diamond geezer

 Friday, March 21, 2008

Extreme
Early
Easter

(full moon 18:50 GMT, 21/03/07)

The Easter story, according to the Bible, is intrinsically linked to the Jewish festival of Passover. And Passover is a lunar festival, linked to the date of the full moon. So Easter has to be linked to the date of the full moon too. Here's how the date of Easter is determined...
Easter Day is the first Sunday after the first full moon after the spring equinox.
To get an early Easter you need an early full moon. Like we have this year. This year the spring equinox was yesterday, the next full moon is today, and so Easter is on Sunday. It's not very often that there's a full moon almost immediately after the equinox and then a Sunday very soon afterwards. And that's why Easter is bloody early this year. Happy with that? Good, please stop reading now.

OK, now for the real, rather more complicated explanation. You knew it wouldn't be that simple, didn't you? One reason for this is because the church's method of determining Easter doesn't use the real spring equinox, it always uses March 21st. You can thank the Council of Nic├Ža in 325AD for that one. And Easter calculations don't use the date of the real full moon either, they use something called the Paschal Full Moon instead. These form an artificial list of full moon dates, applicable globally, almost but not quite linked to the real ones. So the actual rule for determining the date of Easter is this...
Easter Day is the first Sunday after the Paschal Full Moon on or after March 21st.
Let's take a more detailed look at these mysterious Paschal Full Moons. The ancient church didn't want to have to mess around with actual astronomical data, because that was quite difficult to predict accurately in those days, and leap years kept getting in the way. So they took advantage of a convenient lunar coincidence called the Metonic Cycle and used this to help. The phases of the Moon may not repeat on the same day every year, but they do repeat (give or take 2 hours) on the same day every 19 years. So if you know the dates of the spring full moons over a 19 year period, you can repeat that list every 19 years afterwards. Simple?

Table to find the date of
the Easter Full Moon
Golden
Number

Years

Full Moon
I1976 1995 2014April 14
II1977 1996 2015April 3
III1978 1997 2016March 23
IV1979 1998 2017April 11
V1980 1999 2018March 31
VI1981 2000 2019April 18
VII1982 2001 2020April 8
VIII1983 2002 2021March 28
IX1984 2003 2022April 16
X1985 2004 2023April 5
XI1986 2005 2024March 25
XII1987 2006 2025April 13
XIII1988 2007 2026April 2
XIV1989 2008 2027March 22
XV1990 2009 2028April 10
XVI1991 2010 2029March 30
XVII1992 2011 2030April 17
XVIII1993 2012 2031April 7
XIX1994 2013 2032March 27
Here's a table showing the 19 possible Paschal Full Moons. I've listed all the years from 1976 to 2032, but you can trawl back as far as 1900 and forward as far as 2199 should you want to. Remember, these are all artificial full moons for calculation purposes only.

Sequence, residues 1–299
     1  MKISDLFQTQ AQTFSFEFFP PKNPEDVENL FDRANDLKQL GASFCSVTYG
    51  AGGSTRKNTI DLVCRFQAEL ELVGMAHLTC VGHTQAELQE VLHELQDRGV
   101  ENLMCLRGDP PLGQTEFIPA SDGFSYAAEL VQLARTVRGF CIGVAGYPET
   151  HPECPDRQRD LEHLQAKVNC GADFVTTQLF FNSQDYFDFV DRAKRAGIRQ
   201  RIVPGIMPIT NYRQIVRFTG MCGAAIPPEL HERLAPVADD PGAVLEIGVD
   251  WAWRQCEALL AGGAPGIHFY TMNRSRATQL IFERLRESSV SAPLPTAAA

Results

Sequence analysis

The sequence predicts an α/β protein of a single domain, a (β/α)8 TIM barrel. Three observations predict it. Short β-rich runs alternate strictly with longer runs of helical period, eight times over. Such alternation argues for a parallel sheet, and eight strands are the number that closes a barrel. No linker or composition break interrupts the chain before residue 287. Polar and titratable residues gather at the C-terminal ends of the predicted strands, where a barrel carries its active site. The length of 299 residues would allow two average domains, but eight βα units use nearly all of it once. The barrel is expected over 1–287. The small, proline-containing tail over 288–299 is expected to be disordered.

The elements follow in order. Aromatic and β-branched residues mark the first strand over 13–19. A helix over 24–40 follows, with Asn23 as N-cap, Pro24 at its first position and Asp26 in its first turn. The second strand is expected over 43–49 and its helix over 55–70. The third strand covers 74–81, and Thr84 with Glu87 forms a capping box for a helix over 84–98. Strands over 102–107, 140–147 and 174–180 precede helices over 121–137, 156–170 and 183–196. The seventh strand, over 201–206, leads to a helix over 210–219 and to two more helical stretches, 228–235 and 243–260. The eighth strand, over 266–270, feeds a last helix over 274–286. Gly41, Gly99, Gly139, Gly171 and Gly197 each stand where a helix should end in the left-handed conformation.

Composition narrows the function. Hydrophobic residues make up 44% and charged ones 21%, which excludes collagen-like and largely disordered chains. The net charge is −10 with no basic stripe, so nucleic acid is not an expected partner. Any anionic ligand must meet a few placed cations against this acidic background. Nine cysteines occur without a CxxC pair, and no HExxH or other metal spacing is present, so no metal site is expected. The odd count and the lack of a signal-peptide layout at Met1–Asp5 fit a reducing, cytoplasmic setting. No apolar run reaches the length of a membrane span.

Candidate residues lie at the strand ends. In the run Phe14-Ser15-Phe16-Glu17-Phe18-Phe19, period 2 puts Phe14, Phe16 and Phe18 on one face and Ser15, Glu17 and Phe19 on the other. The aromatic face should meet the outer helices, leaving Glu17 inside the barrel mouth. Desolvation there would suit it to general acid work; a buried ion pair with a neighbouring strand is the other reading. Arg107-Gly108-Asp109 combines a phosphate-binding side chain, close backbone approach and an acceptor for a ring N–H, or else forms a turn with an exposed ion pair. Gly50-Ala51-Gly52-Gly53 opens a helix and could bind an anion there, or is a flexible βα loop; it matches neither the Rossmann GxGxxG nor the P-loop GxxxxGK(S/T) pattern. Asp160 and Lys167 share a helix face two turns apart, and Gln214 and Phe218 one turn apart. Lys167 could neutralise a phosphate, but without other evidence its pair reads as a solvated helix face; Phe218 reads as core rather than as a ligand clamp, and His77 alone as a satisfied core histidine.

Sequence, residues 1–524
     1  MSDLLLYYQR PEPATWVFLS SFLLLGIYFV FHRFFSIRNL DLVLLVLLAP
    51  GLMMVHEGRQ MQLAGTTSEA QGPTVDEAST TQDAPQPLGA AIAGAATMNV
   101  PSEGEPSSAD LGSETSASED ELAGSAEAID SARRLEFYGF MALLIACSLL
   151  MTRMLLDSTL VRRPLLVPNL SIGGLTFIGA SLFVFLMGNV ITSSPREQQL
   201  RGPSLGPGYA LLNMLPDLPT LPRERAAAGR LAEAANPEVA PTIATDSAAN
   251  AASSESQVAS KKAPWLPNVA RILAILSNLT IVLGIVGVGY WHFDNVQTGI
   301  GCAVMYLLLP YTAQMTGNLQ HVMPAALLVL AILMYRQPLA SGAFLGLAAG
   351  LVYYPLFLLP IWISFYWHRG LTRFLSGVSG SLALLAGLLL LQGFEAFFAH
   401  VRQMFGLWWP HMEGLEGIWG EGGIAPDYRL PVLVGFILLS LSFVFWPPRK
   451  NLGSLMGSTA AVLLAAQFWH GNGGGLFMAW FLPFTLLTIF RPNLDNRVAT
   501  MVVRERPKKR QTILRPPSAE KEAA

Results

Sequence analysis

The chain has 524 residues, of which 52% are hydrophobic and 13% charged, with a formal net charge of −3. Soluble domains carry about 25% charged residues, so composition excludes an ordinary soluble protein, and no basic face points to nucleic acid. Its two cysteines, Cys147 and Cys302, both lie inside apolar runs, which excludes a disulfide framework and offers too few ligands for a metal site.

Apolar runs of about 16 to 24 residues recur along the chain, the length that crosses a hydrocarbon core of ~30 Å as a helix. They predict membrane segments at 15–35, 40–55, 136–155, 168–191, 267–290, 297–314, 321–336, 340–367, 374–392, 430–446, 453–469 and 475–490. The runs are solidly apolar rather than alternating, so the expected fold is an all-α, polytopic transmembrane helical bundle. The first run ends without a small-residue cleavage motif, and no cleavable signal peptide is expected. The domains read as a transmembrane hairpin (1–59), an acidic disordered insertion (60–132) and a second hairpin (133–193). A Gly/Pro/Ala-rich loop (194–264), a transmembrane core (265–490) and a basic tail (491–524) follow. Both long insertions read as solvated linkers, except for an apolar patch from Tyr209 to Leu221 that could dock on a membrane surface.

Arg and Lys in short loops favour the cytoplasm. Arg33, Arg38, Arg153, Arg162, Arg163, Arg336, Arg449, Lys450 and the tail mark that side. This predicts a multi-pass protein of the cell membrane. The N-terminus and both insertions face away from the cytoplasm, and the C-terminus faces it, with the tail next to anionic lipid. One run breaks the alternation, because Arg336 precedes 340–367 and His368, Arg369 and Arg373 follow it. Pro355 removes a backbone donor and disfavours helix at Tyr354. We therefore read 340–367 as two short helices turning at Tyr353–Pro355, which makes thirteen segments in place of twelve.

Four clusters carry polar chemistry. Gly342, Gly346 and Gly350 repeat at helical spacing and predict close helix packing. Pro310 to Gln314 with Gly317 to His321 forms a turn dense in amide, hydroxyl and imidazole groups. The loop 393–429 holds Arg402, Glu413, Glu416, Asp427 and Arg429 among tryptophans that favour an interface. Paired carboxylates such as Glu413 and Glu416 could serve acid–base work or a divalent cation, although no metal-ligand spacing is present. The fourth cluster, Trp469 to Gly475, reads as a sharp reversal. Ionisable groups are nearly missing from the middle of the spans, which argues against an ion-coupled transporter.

Every year on the same line has the same full moon date. For example, the Paschal Full Moon in 1995 fell on April 14th, the same as 19 years earlier in 1976 and 19 years later in 2014. These years are described as having a Golden Number of 1 (which is the remainder when dividing the year by 19, plus 1). Don't worry about that. All you need to know is that every year with the same Golden Number has the same Paschal Full Moon. Every year with a Golden Number of 1 (including 1900 and 2185, for what it's worth) has its post-equinox full moon on April 14th.

Scanning down the table you'll see that the first post-equinox full moon in the year 2000 was on April 18th, and that's the latest date possible. It's years with a Golden Number of 6 that have the very latest Easters. And the Paschal full moon this year is on March 22nd, which is the earliest date possible. It's years with a Golden Number of 14 that have the very earliest Easters. Well, near enough, but I'll come back to the extra complications on Sunday.

And one more thing. During the 20th, 21st and 22nd centuries the Paschal Full Moon never falls on March 21st itself, which means that Easter Day can never fall as early as March 22nd. But in other centuries the table of Paschal Full Moons is different. Throughout the 19th century, for example, March 21st was linked to a Golden Number of 14 (that's because 1900 wasn't a leap year, so the pattern skipped a day). And hey presto, in 1818 there actually was an Easter Day on March 22nd. Similarly there'll be another March 22nd Easter in the 23rd century, in 2285. But between 1900 and 2199, March 23rd is the earliest Easter we can possibly get. It really is an utterly extreme Easter this year. Sorry, is anybody still reading? I did warn you to stop earlier, didn't I?

• Easter Sunday - geek level dates and tables
• Computus - calculating the date of Easter
• Extreme Early Easters - a 1768 perspective


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